Specifically, the following areas were given priority in the 2018 budget: health, capital territory development, education, agriculture, road infrastructure and job creation scheme among others.
The prioritization of the aforementioned areas, is such that has continued to generate excitement in the state and beyond, given the believe that successes in such areas would translate in prosperity for Deltans.
Interestingly, the proposed capital expenditure estimates for 2018 is N150.6bn.
The proposal is N14.1bn or 9.39% higher than the 2017 capital budget of N136.4bn.
In what seemed like an affirmation that the budget is not all about spending public fund for the public good, the sum of N71 billion is projected as the Internally Generated Revenue, IGR, in 2018.
An excerpt from the budget reads: ‘’The reforms we are undertaking in revenue collection, the plugging of leakages in all revenue sources, as well as the anticipated return of oil producing companies to Delta State, are expected to impact positively on our IGR in the forthcoming year. It is, therefore, our projection to generate the sum of N71.3bn as internally generated revenue in 2018, representing 23.94% of the total projected revenues. The IGR estimates for 2018 is higher than the 2017 approved estimates by N1.1b or 1.67%.
‘’ Using the forecast derived from the State’s Fiscal Strategy Paper as a guide, the sum of N178.1bn or 59.73% of projected total revenue for the 2018 fiscal year is expected to come from Statutory Allocation. This amount is more than the sum of N148.9bn projected for the 2017 fiscal year by N29.1bn or 16.35%.”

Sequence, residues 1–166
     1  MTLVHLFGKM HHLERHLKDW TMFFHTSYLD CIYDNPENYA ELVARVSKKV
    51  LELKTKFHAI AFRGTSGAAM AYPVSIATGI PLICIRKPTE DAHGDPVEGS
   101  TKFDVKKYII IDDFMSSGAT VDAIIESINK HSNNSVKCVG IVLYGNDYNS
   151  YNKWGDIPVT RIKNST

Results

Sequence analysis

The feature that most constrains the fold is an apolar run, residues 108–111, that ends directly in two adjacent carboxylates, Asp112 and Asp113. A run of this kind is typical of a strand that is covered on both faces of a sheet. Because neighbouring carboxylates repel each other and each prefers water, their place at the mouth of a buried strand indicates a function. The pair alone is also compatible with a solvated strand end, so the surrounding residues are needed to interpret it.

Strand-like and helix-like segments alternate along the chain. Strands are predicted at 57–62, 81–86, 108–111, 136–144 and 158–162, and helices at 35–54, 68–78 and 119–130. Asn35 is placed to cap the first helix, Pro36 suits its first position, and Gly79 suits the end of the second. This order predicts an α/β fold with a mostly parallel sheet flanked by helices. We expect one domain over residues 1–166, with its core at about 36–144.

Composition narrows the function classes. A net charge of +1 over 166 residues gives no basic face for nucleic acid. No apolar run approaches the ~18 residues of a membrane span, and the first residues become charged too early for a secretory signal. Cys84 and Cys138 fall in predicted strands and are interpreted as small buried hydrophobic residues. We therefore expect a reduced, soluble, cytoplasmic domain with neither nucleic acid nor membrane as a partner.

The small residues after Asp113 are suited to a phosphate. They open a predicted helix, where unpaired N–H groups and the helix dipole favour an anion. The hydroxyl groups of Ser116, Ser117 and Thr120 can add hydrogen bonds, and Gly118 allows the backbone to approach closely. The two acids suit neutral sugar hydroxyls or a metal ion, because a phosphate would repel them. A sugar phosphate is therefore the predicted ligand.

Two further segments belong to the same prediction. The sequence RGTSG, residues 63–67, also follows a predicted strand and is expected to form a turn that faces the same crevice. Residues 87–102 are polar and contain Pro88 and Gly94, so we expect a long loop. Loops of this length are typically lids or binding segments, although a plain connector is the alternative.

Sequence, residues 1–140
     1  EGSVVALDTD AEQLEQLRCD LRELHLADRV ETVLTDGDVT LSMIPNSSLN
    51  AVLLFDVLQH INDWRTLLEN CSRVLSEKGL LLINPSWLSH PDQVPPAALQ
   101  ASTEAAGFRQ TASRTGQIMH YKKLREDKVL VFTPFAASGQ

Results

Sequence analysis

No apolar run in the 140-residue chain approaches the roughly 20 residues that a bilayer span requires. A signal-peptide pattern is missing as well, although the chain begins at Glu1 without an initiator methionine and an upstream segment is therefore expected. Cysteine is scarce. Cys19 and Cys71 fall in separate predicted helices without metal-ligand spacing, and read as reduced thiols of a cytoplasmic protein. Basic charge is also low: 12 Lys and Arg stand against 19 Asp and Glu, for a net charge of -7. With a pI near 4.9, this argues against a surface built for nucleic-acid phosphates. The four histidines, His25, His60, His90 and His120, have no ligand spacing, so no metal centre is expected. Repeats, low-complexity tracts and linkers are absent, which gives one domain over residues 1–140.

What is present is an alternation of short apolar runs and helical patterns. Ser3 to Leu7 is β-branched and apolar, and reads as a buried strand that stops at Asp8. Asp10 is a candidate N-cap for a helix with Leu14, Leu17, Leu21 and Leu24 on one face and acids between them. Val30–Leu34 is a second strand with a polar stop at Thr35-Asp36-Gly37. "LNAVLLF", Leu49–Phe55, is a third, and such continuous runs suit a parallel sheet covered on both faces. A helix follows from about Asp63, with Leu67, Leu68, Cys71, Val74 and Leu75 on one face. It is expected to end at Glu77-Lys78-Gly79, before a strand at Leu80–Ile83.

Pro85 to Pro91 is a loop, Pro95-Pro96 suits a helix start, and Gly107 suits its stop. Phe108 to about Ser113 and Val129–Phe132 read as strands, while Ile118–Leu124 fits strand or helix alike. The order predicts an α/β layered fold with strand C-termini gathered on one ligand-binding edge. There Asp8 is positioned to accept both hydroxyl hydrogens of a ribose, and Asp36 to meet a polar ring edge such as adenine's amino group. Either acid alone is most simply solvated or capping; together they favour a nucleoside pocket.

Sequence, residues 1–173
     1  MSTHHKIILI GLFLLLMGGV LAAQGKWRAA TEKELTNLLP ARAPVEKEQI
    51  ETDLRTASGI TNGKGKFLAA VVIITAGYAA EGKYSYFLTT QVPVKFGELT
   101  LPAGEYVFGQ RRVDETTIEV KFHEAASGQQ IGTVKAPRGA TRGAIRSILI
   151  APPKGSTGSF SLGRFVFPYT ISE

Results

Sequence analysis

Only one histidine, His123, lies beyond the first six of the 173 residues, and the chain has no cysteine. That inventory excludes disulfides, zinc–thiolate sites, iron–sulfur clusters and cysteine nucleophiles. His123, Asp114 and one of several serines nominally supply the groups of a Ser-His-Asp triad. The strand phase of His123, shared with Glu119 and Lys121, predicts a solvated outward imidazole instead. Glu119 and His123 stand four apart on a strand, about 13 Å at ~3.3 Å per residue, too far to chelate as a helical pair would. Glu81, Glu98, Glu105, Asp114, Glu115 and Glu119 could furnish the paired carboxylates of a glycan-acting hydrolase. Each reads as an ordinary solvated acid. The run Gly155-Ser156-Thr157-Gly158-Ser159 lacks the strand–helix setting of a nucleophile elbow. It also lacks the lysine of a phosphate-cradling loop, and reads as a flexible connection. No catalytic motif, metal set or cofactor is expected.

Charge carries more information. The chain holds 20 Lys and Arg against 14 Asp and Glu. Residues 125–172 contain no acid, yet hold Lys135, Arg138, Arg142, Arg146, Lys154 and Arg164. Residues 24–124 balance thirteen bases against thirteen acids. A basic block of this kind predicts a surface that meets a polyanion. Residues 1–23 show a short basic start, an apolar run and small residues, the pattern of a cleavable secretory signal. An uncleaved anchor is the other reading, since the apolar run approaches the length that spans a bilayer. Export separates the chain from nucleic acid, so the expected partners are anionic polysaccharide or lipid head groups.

“The increase is based on the optimism that the current peaceful atmosphere in the Niger Delta region will be sustained and that, with the relative peace being experienced, some of the oil companies who vacated the region will return to the State. It is also our realistic expectation that the gradual improvements the Federal Government has recorded in the agriculture and manufacturing sectors will continue to impact positively on the overall expected returns in the 2018 fiscal year.
“The proposal for Capital Receipts for the 2018 budget has been scaled down from the sum of N64.8bn in the 2017 budget to N37.9bn or 71.09% in 2018. The reduction is hinged on the overriding objective to reduce the loan burden on the State.
“The proposed recurrent expenditure estimates for 2018 of N147.5bn is made up of personnel costs of N64.3bn or 43.36%, and overhead costs of N46.8bn or 31.56%. The Consolidated Revenue Fund Charges has a proposed sum of N37.23bn or 25.09%.
“The proposed capital expenditure estimates for 2018 is N150.6bn.The proposal is N14.1bn or 9.39% higher than the 2017 capital budget of N136.4bn.